If you’re doing high level machining work. This is what’s called a check gage or a comparato. This allows you to make sure that the parts that you are making are absolutely scalable to each other, or you’ll have a set of gage blocks. Gage blocks are, let’s say you want to make something that is exactly 1.3759 inches tall. It’s got to be that tall because you’re working with incredibly high tolerances for a piece of NASA hardware. You’d set that height up using gauge blocks, which are a set of blocks that allow you to put them together in multiple combinations that give you every gradation and then you’d place them underneath this check gauge and you’d center it so that it would be set, so that zero on the check gauge was at 1.3795 inches tall and then you’d machine your part and you’d put it into double check that it was exactly the correct height. This is when your working with tolerances, obviously, much finer than the thousandth of an inch, which many high level machines are built to. It’s not actually that I have a regular need for this much accuracy, but I love knowing that it’s possible.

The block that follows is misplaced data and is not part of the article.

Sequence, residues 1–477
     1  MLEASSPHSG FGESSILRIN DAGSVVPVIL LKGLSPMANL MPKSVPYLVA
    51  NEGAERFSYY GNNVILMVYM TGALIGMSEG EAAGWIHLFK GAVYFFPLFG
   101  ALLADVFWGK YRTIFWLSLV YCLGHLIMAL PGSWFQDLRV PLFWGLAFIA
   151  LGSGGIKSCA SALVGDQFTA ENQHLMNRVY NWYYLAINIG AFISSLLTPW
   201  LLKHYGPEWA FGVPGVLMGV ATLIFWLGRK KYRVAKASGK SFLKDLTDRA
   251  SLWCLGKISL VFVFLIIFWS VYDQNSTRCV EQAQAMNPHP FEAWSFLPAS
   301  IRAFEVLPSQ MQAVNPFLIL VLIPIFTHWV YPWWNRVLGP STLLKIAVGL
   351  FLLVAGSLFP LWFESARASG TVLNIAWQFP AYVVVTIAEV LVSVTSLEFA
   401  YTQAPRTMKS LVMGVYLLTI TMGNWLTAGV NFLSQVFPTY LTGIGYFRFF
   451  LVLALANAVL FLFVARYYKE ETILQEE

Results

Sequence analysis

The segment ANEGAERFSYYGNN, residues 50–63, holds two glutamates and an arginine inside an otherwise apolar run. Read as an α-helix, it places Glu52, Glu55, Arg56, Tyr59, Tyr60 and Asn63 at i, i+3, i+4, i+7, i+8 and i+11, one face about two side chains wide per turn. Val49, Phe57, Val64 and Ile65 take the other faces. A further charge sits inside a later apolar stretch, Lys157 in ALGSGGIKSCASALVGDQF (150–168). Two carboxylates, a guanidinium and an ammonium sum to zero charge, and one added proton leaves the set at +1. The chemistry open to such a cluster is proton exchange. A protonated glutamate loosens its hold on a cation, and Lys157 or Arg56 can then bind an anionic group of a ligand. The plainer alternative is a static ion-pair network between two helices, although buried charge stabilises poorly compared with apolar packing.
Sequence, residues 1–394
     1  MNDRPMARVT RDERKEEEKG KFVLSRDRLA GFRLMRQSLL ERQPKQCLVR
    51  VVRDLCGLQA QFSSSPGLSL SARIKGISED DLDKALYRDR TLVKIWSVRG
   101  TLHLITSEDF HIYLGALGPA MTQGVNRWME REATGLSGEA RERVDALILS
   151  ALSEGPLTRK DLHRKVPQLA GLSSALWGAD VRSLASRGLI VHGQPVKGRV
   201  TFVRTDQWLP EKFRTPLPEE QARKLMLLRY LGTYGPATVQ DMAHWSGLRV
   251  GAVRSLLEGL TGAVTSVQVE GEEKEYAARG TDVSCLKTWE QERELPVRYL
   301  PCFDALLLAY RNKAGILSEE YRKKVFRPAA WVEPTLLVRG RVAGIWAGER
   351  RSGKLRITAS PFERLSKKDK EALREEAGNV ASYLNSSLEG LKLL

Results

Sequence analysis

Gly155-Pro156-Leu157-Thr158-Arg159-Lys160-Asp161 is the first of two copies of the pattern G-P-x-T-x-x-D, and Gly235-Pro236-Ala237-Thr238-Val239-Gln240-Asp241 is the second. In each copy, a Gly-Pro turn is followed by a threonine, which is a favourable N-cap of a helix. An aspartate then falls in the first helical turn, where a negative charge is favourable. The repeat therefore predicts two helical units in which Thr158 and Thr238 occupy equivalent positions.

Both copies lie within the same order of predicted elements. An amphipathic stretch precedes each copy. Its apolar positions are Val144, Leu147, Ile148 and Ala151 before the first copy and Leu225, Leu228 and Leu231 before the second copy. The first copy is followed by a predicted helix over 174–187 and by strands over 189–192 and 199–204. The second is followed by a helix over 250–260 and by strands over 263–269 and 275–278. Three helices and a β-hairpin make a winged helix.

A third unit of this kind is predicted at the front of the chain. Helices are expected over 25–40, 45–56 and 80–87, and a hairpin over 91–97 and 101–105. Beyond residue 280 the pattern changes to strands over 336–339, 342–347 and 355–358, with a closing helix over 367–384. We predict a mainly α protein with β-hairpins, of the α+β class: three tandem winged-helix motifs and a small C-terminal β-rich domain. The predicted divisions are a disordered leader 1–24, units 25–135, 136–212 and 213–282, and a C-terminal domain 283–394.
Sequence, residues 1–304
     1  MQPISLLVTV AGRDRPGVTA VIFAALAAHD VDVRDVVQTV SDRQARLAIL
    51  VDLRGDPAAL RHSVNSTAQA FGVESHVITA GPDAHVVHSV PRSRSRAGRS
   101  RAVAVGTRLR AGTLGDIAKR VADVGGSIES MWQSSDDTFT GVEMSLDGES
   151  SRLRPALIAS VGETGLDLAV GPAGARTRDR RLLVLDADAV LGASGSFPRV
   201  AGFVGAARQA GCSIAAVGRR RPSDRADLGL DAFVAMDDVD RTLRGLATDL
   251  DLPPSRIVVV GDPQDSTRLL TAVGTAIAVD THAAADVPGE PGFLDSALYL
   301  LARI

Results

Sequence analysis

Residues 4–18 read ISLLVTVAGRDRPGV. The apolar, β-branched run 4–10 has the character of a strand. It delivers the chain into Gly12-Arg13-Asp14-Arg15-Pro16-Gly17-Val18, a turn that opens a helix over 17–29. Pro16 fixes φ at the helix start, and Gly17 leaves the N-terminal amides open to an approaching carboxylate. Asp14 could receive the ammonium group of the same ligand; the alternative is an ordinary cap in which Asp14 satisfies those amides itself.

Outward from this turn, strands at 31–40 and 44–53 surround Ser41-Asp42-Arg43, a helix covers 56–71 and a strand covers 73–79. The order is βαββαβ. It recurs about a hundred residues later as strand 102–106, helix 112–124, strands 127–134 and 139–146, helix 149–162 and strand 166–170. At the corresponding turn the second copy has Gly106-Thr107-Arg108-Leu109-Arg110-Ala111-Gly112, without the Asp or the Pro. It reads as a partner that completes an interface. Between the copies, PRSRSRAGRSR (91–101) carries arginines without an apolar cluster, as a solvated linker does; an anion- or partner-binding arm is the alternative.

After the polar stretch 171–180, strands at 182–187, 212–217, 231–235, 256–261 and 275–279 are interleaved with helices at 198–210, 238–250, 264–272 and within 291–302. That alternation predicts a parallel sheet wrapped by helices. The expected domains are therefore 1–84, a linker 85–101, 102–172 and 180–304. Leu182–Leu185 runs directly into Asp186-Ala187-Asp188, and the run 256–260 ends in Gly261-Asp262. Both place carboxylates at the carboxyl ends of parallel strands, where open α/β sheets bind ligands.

Janome HD3000 Heavy Duty Sewing Machine w/ Hard Case ($400)
I have been sewing my whole life, since home economics in the 70’s. I had this [old] sewing machine I bought for a job about 20 years ago. It’s been in recent times coughing up a little blood. It’s 25 years old and I decided to upgrade. I did a little research and I found that the Janome HD3000 was, for me, the best mix of a prosumer heavy duty machine that wouldn’t break the bank. … There’s a specific foot for doing a surger stitch and I’m sewing with fur lately as part of a costuming thing and the fur requires a surger stitch for the maximum straight and it’s really cool. It’s opened my eyes to using custom feet for different types of executions like button holes and things like that.

06/24/16 --

24 June 2016


Smittybilt Beaver Step

Simplest way to add a stepping point to get into your pickup truck's cargo area